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Figure 5. Incidence, level and distribution of PACAP mRNA expression in DRG neurons after delayed antibody infusion.

Representative scatterplots depicting relative changes in PACAP mRNA hybridization signal over individual neurons in relation to neuronal size after delayed control IgG (A) or anti-BDNF (B) infusions. Each dot represents hybridization signal intensity over a quantified neuron. Solid lines divide the plots into unlabeled (shaded) and labeled (≥6X background labeling) populations, and dashed lines separate moderately from highly labeled populations (≥32 X background). Numbers and percentages of DRG neurons expressing detectable PACAP mRNA after delayed intrathecal control (C) or anti-BDNF (D) antibody treatment for 3 days following 7 days of injury (n = 6, 3 animals analysed per treatment group). Note, delayed intrathecal anti-BDNF infusion did not have any significant effect on the injury-induced increase in PACAP mRNA expression after axotomy.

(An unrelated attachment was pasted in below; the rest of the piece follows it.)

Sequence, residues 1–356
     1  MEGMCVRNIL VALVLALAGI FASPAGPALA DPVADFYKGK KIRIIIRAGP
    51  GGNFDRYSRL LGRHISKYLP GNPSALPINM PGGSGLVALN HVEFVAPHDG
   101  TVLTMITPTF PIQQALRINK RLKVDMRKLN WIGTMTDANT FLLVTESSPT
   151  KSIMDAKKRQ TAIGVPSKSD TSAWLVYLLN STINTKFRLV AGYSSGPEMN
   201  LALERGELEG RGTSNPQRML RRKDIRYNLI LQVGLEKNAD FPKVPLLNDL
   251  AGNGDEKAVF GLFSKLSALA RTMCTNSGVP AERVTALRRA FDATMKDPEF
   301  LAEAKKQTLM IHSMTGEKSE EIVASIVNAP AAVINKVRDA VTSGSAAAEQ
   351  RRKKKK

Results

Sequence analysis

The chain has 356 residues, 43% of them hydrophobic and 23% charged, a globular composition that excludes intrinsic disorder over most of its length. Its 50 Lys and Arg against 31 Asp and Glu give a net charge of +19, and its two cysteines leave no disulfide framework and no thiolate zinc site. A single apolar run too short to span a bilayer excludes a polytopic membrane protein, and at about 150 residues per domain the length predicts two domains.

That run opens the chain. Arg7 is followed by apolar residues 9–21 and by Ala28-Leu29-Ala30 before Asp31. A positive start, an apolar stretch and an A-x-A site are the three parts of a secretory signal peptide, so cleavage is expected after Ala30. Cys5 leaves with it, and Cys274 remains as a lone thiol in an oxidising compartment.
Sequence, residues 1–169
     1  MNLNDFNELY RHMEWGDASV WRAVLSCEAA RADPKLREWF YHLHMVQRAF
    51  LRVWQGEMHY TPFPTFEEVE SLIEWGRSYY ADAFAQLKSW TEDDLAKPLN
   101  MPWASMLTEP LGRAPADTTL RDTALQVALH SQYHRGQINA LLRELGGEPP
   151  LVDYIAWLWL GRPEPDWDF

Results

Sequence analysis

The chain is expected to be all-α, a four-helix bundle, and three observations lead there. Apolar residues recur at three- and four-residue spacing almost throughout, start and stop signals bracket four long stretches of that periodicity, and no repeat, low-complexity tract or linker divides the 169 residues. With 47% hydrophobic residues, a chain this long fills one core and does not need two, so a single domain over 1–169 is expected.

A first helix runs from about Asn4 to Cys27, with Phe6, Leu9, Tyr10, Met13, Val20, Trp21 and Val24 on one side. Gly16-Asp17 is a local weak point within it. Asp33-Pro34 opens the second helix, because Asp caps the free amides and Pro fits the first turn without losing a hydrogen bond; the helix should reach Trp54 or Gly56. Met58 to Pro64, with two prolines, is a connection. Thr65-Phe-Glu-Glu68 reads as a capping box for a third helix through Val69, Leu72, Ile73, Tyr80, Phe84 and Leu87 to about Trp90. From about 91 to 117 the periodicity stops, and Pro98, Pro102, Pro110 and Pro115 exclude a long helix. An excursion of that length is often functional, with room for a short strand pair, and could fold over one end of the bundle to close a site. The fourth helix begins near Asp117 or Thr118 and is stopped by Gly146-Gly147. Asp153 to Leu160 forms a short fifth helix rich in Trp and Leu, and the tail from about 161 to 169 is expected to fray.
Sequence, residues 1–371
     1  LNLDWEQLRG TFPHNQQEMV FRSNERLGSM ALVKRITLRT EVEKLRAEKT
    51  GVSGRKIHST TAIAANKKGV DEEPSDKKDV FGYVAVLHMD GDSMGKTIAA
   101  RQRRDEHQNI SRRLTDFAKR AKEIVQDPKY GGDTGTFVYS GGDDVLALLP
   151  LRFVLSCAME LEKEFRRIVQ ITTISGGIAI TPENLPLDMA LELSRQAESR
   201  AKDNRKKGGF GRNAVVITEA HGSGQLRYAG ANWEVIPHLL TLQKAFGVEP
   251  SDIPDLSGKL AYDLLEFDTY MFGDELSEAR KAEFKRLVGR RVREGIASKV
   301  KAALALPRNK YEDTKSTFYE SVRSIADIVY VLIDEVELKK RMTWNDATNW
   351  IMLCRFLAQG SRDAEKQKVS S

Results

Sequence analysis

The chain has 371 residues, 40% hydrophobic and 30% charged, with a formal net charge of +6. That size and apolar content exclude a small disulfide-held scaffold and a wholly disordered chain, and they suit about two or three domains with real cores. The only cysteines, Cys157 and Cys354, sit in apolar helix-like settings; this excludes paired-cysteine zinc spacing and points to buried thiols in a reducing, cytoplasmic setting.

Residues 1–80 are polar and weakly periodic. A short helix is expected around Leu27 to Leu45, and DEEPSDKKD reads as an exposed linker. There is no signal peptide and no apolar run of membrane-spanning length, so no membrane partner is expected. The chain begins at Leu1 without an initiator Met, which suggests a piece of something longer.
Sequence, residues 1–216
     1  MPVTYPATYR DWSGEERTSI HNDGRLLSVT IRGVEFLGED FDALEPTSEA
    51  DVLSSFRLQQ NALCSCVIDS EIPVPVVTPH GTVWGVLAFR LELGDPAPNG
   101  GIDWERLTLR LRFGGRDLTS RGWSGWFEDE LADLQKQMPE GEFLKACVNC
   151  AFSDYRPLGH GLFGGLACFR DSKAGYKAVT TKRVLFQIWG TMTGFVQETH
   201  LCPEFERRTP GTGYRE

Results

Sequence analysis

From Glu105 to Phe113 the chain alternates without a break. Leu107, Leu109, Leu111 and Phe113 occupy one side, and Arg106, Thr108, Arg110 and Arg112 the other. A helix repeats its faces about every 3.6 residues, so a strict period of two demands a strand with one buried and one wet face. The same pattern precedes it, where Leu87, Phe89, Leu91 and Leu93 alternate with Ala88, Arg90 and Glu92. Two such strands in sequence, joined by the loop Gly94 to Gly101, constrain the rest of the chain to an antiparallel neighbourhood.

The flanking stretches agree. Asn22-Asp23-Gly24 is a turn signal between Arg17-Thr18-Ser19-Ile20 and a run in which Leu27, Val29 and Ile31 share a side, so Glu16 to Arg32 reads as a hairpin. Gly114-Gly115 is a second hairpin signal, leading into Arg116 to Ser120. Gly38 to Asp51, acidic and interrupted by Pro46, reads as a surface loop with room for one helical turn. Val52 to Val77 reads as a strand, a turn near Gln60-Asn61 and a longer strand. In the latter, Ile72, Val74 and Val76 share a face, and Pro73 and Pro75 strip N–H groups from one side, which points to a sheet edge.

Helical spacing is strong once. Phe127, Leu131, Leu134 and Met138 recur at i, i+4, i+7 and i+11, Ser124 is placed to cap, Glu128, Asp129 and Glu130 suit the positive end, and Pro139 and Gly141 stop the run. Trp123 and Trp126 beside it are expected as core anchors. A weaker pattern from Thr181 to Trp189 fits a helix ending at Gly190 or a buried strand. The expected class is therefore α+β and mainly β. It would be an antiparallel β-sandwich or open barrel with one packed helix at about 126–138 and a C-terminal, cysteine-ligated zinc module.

doi:10.1371/journal.pone.0100730.g005

4. Confirmation of BDNF regulation of injury-induced PACAP expression using alternate approaches

qRT-PCR served as an alternate way to quantitatively assess fold change in mRNA expression between experimental and control conditions, but does so without information about impact on select neuronal subpopulations. We performed these additional experiments in triplicate using immediate or delayed intrathecal anti-BDNF delivery to immunoneutralize endogenous BDNF actions and assess the impact of this treatment on PACAP mRNA expression in injured DRG. Figure 6B reveals that anti-BDNF had an identical impact on PACAP mRNA expression in injured DRG as was determined using in situ hybridization. Examination of growth-associated protein-43 mRNA regulation using qRT-PCR analysis served as a positive control that the anti-BDNF treatment had worked (data not shown), It revealed a similar regulation to that observed for PACAP and confirmed our previous findings [35].